Weybridge residents viewed plans to develop St Catherine’s House in Beales Lane, at a community consultation on 15 November. We saw plans for 30 flats, comprising 1, 2 and 3 bed dwellings, with a total of 59 bedrooms, and parking spaces for 28 cars behind the block, accessed via an entrance mid-building.
The architects were seeking local reactions, willing to listen and seemingly willing to consider adjusting designs.
What stood out immediately was the size and style of the proposed building, which is uncompromisingly rectangular, vertical, and flat roofed — no gables, no eaves — unlike other buildings in the area. Its central section would be four storeys tall, stepping down to two storeys where it adjoins existing Beales Lane houses.
The bulk of the proposed building would be much closer to the road in Beales Lane than is the case with St Catherine’s House, although the section nearest Thames Street would be set back to accommodate the existing tree.
The consultation and exhibition were organised by Harper Planning, on behalf of PA Housing. The design team spoke with interested members of the local community, answered questions and discussed concerns.
PA Housing, owners of the site, intend to apply for planning consent to construct a mix of one, two and three bedroom apartments, following demolition of the current buildings. There would be a mix of private ownership, shared ownership and social housing.
Initial reactions from residents have included:
- surprise at the proposed density and appearance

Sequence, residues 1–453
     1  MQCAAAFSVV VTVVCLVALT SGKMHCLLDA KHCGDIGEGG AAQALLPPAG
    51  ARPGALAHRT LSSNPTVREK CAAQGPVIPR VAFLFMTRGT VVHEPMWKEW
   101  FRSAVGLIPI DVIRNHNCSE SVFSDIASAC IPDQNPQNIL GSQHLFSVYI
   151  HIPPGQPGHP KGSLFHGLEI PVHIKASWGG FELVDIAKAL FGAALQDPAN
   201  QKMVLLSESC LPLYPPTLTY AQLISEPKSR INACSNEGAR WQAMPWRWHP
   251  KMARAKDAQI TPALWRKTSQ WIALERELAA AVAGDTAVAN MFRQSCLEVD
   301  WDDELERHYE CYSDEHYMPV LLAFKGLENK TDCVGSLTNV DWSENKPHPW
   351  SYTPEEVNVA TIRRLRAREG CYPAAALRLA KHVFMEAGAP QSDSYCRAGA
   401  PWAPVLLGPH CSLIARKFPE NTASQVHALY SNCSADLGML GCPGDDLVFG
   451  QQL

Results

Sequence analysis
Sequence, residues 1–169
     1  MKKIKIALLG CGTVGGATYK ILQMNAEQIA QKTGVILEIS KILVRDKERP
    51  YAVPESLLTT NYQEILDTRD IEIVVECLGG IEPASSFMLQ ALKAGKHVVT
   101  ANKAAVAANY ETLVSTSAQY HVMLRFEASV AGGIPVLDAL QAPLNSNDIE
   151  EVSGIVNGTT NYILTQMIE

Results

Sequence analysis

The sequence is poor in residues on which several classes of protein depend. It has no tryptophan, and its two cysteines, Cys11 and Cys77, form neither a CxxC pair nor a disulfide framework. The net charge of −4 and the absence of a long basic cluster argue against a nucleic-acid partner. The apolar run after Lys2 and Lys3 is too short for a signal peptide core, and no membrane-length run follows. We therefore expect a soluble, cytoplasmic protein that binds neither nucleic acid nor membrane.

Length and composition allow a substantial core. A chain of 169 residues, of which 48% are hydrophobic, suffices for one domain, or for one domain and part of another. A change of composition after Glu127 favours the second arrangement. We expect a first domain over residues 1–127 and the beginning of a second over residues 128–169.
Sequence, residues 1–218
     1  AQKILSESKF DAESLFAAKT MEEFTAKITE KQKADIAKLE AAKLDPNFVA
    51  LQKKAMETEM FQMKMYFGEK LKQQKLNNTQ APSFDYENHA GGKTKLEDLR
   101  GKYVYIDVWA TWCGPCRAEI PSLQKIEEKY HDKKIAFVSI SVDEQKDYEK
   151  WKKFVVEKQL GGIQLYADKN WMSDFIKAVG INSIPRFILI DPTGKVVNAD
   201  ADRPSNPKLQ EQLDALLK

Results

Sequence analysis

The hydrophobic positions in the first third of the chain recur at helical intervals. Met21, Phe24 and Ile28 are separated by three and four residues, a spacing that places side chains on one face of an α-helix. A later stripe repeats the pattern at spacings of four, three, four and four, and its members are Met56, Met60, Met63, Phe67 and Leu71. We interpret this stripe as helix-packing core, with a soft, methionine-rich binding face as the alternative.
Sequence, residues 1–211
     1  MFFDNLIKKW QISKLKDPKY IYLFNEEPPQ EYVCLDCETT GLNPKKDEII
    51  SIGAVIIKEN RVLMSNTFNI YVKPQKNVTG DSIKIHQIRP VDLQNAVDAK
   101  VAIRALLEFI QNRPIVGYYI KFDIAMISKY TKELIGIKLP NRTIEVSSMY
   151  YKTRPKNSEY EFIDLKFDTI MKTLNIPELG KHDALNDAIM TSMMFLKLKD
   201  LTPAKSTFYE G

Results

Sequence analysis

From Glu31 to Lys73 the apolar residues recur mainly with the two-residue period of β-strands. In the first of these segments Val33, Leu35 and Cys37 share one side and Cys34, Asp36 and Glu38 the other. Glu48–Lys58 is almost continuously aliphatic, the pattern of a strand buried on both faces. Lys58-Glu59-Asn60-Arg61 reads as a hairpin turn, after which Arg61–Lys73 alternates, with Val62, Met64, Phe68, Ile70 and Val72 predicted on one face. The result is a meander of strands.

- concern at excessive height and mass
- worry about impact on parking for local residents
We have heard strongly expressed views that the design does not fit with the local street scene and is oppressively massive. It would loom over Beales Lane. Most local buildings are brick built two storey dwellings with traditional pitched roofs, many with relatively low eaves. Beales Lane leads into historic and diminutive Church Walk.
Parking will be a very sensitive issue in an area with extremely limited on-street parking. More flats and private/shared ownership mean many additional residents are likely to have cars. Some residents in neighbouring Church Walk, Jessamy Road and Thames Street, where parking space is at a premium, have to resort to finding a parking space in Beales Lane when needed.
There are also concerns about the loss of the paved space at the front of St Catherine’s which is currently used by many vehicles for turning, as Beales lane is a cul-de-sac without a turning space at the end.
We hope local views will sway the architects (contactable via firstname.lastname@example.org) and that any planning application will reflect local reaction.